Consumer Protection at the Crux of Takaful Islamic Insurance
Three pioneering insurance supervisors from Ghana, Pakistan and South Africa were asked to share their experience regulating inclusive insurance vis-à-vis the work of the A2ii and the IAIS, around the A2ii, IAIS, CGAP Expert Symposium on proportional regulatory approaches in inclusive insurance markets. The author of this blog, Faraz U. Amjad, is a Joint Director at the Securities and Exchange Commission of Pakistan (SECP).
Mumtaz Bibi is a single mother of four, and a small farmer in the southern part of Pakistan’s Punjab province. In 2010 when Pakistan was hit with a series of devastating floods, Mumtaz, along with many other smallholder farmers, lost her hard-earned assets, mainly her small crops and some livestock. A few months earlier, Mumtaz and her peers had signed up for a Takaful insurance product that was offered by one of the local microfinance institutions. Takaful insurance is a type of Islamic insurance, where members contribute money into a pooling system to guarantee each other against loss or damage. Upon informing the loan officer about her plight, Mumtaz was told that she could claim on her Takaful product to cover the losses from the flood. According to Mumtaz, she would never have bought the insurance if it was not Takaful due to her religious beliefs, and now she truly realizes the value and proposition of it.
Globally, there is very little take up of insurance among the world’s more than 2 billion Muslims, and this population remains largely unprotected against risk. There is a growing need to design insurance products that meet the needs of these excluded adults to provide better risk protection. Takaful is one possible solution for people who would not otherwise use conventional insurance products, but after 30 years, take up of Takaful worldwide is still relatively low. The greatest potential for Takaful may be in countries with predominantly Muslim populations. However, these countries also tend to be ones with some of the lowest levels of financial literacy. This situation creates a significant challenge for supervisors looking to support inclusive insurance markets in these locations.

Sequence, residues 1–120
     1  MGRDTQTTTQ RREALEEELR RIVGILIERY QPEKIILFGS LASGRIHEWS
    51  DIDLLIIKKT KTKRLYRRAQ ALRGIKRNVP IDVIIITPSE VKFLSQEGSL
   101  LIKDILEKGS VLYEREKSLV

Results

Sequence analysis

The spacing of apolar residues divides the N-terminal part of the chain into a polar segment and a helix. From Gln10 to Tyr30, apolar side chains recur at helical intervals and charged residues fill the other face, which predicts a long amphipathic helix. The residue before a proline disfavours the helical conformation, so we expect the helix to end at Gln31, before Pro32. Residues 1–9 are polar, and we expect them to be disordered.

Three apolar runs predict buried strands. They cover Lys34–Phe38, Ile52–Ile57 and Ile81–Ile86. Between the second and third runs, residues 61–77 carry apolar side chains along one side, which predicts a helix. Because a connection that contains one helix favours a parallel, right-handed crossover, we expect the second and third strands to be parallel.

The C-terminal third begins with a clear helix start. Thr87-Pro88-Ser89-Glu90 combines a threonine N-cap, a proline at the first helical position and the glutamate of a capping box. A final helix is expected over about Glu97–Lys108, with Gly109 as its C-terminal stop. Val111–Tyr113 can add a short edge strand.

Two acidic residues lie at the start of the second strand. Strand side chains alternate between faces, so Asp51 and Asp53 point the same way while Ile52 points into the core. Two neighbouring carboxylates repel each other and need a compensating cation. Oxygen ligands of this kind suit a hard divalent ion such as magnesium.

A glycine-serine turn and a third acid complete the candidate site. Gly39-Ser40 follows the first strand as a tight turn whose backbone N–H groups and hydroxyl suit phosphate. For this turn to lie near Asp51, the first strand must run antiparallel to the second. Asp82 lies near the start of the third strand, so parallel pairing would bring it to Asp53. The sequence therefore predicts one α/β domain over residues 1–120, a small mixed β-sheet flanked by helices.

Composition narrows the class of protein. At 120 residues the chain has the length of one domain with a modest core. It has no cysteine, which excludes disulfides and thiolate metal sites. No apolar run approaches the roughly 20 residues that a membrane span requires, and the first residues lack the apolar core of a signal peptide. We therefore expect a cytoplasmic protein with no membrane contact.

Photo: Huma Akram/2012 CGAP Photo Contest
One specific challenge facing providers of Takaful insurance products is around consumer protection. It is important for all lines of insurance, but the need for consumer education, awareness, and protection is magnified for potential Takaful customers because of their low levels of income, low levels of financial literacy, and overall unfamiliarity with formal financial services. This was confirmed by a 2012 diagnostic study into the microinsurance market in Pakistan. The report revealed that the most vulnerable adults were in the low-income market and that a significant portion of these adults have a preference for Takaful products over conventional insurance products. The bottom line is that Takaful has to have simple products with minimum “ifs” and “buts” so that anyone, whatever their income or education level is, can easily understand and purchase it.
Complicating the consumer protection issue is that Takaful is a cooperative model of insurance. In Pakistan, this approach to insurance may give potential customers pause when they are learning about it because there have been several scandals of racket and deception (see here or here) in other cooperative schemes in the country. Providers of Takaful insurance have to carefully market and explain their product to differentiate it from other fraudulent products.
Another challenge to providing Takaful insurance successfully in Pakistan and other countries is the issue of achieving scale. To encourage conventional insurance companies to offer Takaful products, the SECP introduced the “Takaful Rules” in 2012. Since June 2014, some of the conventional insurers have started to offer Takaful through the new specialized departments created under these rules. This has helped offer Takaful in additional areas where specialized Takaful-only companies could not have otherwise reached. However, conventional insurance companies may find it difficult to remain compliant with the Shariah elements of 2012 Takaful rules.
Over the last three years in Pakistan, total premiums from Takaful have averaged year over year growth of 55%. Much of this has been possible due to the introduction of the Takaful Rules and the increased focus on consumer education under the microinsurance regulation which is applicable to most Takaful offerings. This includes increased transparency, emphasizing fair practices, simplifying disclosures and creating client recourse mechanism requirements.
With the help of an enabling regulatory environment, Takaful can deliver on the promise of necessary products at the right price. If the Takaful products are effectively delivered with the highest standards of service, the people who prefer Takaful over conventional insurance will surely consider it as ‘product of choice.'